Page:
Awkwafina (née Nora Lum) made a splash last year as the boisterous, straight-talking sidekick to Constance Wu’s Rachel, visiting Singapore to meet her fiancé’s family. Her performance as a say-anything, always-up-for-a-good-time friend with funky style and a brash, lovable attitude made her a breakout star of an already massive movie.
Which makes her dramatic turn in writer/director Lulu Wang’s The Farewell all the more an accomplishment, as the thirty year old proves a talent versatile enough to carry a film that, though it still centers around a large family dynamic, could not be more different from that 2017 blockbuster.
Based on Wang’s own experiences, The Farewell follows Billi (Awkwafina), a daughter of Chinese immigrants living in New York who is close to her grandmother Nai Nai (Shuzhen Zhao) back in China; they stay in touch through frequent phone calls, Nai Nai doting on Billi as any grandmother does: are you eating enough? How is work going? Call me more often. From the start, it’s a beautifully constructed relationship, affectionate and clearly quite meaningful to them both. When Billi’s parents (Tzi Ma and Diana Lin) share that they’ll be returning to China for a relative’s wedding, she’s quick to pick up on the fact that there’s more to the story than what they’re letting on.
Finally, her dad shares that Nai Nai’s been diagnosed with cancer, a fact they won’t be sharing with Nai Nai herself. What’s more, the wedding is being bumped up in order to give the whole family a reason to gather and say their goodbyes. All without telling Nai Nai. Despite her parents’ hesitation, Billi decides she has to make the trip back, too; in the end, Haiyan and Jian swear her to secrecy above all else. It’s a point of cultural pride for the family, that they’ll spare Nai Nai the stress and worry of her diagnosis and instead make the most of what time they have left with her.
This gesture becomes the focal point of Wang’s delightfully lovely family drama, as the action picks up on the other side of the world and we get to meet all of Billi’s extended family in all their endearing eccentricities. The wedding preparations are in full swing, and everyone’s proceeding as if all is right with the world even as Billi struggles with the morality (and emotional toll) of keeping such a huge piece of information from someone you love. Nai Nai’s cramped apartment feels as familiar as your own grandparents’ place, well lived-in and never quite big enough when everyone comes over, but somehow there’s always room at the dinner table. These ensemble scenes let Wang’s craftsmanship shine, as her cast elevates her smart, witty script to something special and cinematographer Anna Franquesa Solana finds interesting ways to make it feel like we’re right there in the room.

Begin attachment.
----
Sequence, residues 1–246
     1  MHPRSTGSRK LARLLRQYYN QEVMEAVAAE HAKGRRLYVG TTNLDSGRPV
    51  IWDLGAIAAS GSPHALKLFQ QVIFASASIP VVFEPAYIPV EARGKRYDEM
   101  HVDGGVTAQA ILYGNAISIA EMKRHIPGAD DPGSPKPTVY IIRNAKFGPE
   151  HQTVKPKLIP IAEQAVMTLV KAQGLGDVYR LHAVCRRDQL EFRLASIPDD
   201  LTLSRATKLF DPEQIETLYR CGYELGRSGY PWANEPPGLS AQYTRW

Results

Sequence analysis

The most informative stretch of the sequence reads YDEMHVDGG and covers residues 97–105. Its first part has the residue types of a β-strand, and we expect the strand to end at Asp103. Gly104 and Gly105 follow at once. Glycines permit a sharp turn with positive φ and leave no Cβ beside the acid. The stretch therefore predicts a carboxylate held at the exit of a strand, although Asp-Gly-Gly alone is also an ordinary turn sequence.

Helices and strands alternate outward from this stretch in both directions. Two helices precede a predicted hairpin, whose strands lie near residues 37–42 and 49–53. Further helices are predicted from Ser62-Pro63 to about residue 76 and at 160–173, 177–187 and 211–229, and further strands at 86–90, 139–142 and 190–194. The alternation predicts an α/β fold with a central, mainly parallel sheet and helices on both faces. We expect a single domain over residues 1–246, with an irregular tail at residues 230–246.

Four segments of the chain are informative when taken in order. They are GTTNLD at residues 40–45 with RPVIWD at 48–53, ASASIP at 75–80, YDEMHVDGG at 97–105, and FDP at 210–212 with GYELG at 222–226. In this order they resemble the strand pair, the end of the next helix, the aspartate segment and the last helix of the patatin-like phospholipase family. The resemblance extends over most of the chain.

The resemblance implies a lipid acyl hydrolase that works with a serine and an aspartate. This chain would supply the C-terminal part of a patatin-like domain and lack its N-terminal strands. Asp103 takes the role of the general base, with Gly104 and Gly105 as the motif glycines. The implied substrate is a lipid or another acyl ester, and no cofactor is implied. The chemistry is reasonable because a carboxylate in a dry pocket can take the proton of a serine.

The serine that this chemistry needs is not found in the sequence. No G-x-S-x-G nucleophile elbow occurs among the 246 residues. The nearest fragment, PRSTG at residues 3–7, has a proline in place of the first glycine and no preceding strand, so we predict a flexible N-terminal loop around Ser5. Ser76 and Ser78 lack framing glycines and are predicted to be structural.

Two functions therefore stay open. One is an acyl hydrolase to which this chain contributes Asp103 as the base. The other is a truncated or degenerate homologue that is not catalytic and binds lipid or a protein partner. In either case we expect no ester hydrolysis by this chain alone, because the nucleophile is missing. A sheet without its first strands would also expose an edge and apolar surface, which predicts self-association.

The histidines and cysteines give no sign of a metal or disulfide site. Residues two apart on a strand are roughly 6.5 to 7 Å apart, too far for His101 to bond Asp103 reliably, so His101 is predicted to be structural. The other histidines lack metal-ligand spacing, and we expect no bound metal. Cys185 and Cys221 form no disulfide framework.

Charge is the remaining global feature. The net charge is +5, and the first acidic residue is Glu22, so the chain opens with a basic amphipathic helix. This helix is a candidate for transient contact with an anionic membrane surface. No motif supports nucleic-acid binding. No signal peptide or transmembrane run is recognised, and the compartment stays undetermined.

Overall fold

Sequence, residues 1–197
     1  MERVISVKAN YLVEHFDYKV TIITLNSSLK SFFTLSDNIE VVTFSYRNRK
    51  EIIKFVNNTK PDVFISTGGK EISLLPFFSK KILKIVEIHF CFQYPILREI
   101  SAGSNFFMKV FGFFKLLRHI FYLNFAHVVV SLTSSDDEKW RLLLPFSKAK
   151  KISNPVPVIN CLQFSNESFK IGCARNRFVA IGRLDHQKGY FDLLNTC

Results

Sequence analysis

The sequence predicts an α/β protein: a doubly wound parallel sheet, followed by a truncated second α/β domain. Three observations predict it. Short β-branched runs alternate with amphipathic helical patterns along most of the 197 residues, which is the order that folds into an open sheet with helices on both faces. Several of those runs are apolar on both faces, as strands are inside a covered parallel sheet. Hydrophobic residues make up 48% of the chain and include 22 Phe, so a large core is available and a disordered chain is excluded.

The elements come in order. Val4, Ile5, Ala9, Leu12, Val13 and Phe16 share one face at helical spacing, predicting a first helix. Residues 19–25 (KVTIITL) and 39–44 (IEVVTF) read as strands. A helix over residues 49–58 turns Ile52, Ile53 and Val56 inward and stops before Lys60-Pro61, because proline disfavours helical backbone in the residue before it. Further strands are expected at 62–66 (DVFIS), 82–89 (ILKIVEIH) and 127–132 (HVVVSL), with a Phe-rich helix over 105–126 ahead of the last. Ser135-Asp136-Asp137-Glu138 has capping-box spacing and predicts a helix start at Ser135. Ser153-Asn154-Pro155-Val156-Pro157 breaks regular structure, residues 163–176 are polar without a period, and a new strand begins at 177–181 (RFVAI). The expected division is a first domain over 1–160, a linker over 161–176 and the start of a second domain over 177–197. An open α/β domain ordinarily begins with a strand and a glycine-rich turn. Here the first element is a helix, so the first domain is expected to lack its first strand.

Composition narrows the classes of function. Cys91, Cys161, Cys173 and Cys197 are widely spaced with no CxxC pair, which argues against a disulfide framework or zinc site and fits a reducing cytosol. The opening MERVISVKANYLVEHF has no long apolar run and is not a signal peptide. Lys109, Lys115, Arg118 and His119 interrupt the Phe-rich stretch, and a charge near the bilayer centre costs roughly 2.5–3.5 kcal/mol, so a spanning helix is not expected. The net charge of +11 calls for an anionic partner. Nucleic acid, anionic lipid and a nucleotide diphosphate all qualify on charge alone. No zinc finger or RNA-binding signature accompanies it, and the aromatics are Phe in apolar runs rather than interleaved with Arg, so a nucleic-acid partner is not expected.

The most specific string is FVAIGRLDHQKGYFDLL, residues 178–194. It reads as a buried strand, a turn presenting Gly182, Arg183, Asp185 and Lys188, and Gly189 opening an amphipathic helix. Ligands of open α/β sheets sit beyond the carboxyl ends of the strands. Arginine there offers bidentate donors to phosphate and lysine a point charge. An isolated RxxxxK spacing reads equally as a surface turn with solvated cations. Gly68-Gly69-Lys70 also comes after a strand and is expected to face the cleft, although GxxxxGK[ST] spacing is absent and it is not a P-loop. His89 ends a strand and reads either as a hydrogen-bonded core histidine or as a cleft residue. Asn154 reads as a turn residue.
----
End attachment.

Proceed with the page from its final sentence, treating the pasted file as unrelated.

As concerned with what we share with family as what we don’t, The Farewell makes certain to strike a delicate balance between the two. It’s never in doubt that Billi, Nai Nai and the whole family love each other deeply; separated by generations and oceans, their ties nevertheless run quite deep, and in fact there’s as much love in the things they keep from each other as there is in what they share. When the wedding finally arrives, Nai Nai is as joyful as can be, and even Billi must admit that her glow, surrounded by family and loved ones, is worth the white lie. Eventually, the out-of-towners must return home; films this year will be hard pressed to feature a scene more poignant than Billi’s drawn-out goodbye, thinking as she does that it will be the last time she sees her grandmother. Tears are conjured just recalling it.
It’s easy to get lost in the blockbuster fare hitting theaters nearly every weekend this summer, and some of those big titles might just be worth the cost of the ticket. The Farewell proves a perfect alternative to such exhausting affairs, a film that invites you in like family and shares the love from beginning to end.